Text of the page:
2. Identify questions that can be asked regarding measurement and comparison of measures of a variety of objects and phenomena and how measurements can change over time.
  3. Provide a narrative of the mathematical work to be done to measure a variety of attributes of various objects and phenomena, including why we measure. Quantifying a measure helps us describe or compare more precisely.
  4. Recognize, analyze, and generate differences in the approaches to measurement.
M.18. Perform mathematical explanations and support children's mathematical explanations for measurement.

Well-prepared beginning teachers will:

  1. Explain and encourage others to explain purposes, approaches, and tools/materials for measurement.
  2. Use and encourage others to use math language reflective of measurement of multiple attributes of object and phenomena including size, quantity, weight, length, and time (e.g., you took a long nap today).
  3. Explain and encourage others' explanations of what is similar and different for attributes of objects and phenomena using measures of size, weight, volume, quantity, length, and/or time; explaining that quantifying a measurement helps us describe and compare more precisely.
  4. Perform explicit and elaborated explanations that unpack the structure of and approaches to measurement.
  5. Interpret and contrast alternative or novel approaches to measurement.
M.19. Choose, interpret, and talk with representations for measurement.

Well-prepared beginning teachers will:

  1. Recognize whether or not measurement approaches are consistent with specific meanings of measurement.
  2. Describe affordances and limitations of different approaches to measurement of objects and phenomena (e.g., we can use yarn to measure something round, but cars to measure something flat).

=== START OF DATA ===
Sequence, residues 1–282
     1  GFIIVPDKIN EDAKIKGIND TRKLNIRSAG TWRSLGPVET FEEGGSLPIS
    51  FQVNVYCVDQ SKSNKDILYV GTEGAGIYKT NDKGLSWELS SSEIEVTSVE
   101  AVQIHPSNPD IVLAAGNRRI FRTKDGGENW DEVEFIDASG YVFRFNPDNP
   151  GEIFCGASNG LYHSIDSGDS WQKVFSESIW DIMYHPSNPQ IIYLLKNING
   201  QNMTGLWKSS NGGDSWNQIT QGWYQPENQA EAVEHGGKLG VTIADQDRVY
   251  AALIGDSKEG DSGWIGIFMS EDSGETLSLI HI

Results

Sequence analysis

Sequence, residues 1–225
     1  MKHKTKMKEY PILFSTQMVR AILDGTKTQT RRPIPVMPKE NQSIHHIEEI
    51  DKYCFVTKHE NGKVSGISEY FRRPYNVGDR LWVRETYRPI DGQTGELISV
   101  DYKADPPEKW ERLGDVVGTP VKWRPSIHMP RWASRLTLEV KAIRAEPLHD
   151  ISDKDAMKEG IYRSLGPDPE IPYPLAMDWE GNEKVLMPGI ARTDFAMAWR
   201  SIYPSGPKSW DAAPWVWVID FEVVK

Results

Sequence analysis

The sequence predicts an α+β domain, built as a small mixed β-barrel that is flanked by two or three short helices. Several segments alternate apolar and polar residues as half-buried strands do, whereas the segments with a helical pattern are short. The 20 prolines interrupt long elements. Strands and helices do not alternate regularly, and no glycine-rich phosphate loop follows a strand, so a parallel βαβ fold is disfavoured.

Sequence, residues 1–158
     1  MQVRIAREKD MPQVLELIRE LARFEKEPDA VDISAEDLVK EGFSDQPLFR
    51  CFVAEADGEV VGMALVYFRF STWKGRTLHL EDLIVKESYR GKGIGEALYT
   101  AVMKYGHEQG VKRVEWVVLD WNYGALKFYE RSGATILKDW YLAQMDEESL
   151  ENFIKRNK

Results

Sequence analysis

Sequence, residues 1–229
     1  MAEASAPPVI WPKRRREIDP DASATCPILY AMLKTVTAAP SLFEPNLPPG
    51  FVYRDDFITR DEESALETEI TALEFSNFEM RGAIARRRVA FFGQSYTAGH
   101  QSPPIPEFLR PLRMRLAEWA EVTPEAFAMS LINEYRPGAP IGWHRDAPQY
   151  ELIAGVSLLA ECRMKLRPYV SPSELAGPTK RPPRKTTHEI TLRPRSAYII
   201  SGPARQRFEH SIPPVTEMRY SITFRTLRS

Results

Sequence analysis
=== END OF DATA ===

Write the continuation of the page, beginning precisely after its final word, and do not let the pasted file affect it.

3. Choose and use multiple materials/tools and meaningful approaches, including within children's play, to measure a variety of attributes of objects and phenomena within and outside of the classroom.
  4. Use and encourage others to use multiple approaches and materials to record measurements.
  5. Clarify and accurately record others' mathematical thinking as they measure a variety of objects and phenomena.
  6. Utilize a variety of approaches to assessment for all children including those with a range of abilities.
M.20. Elicit, interpret, support, and extend others' mathematical thinking for measurement.

Well-prepared beginning teachers will:

  1. Formulate claims and encourage others to formulate claims about measurement, comparisons of measures, and how measurements might change over time.
  2. Recognize which among a set of partially expressed ideas about measurement is most germane to a given task, such as best tools/materials, approaches, ways of recording, and comparisons.
  3. Clarify and record others' approaches to measurement.
  4. Examine the meaning of measurements and methods for solving measurement tasks as exemplified in others' talk or work, and then apply the approach on different tasks.
  5. Design and implement experiences that include and encourage the learning of children with a range of abilities.
M.21. Unpack mathematical content and identify mathematical competence for collecting, representing, using and organizing information (Data Analysis).

Well-prepared beginning teachers will:

  1. Identify mathematical affordances in tasks and play situations for noticing, naming, and describing attributes of gathering data and understanding the purpose of collecting data is to answer questions when the answers are not immediately obvious.
  2. Identify opportunities to introduce mathematical language and precision into others' talk and play that describes, compares, and draws conclusions about data as a whole or in part.
  3. Recognize and introduce mathematical language that describes the organization of data, how data must be presented to allow for interpretation and how data are gathered and organized depends on the question. For example: Sort real objects; organize pictures, counters, or name cards; tally charts can help to see clusters of data while a bar graph is a way to compare quantities across categories.
  4. Recognizing and using mathematical language to collect and organize information by helping make sense of the environment by gathering, sorting, classifying, and analyzing information.
M.22. Perform mathematical explanations and support children's mathematical explanations for collecting, representing, using, and organizing information (Data Analysis).

Well-prepared beginning teachers will:

  1. Develop and implement appropriate experiences for young children that facilitate the developing concepts of gathering data and understanding the purpose of collecting data.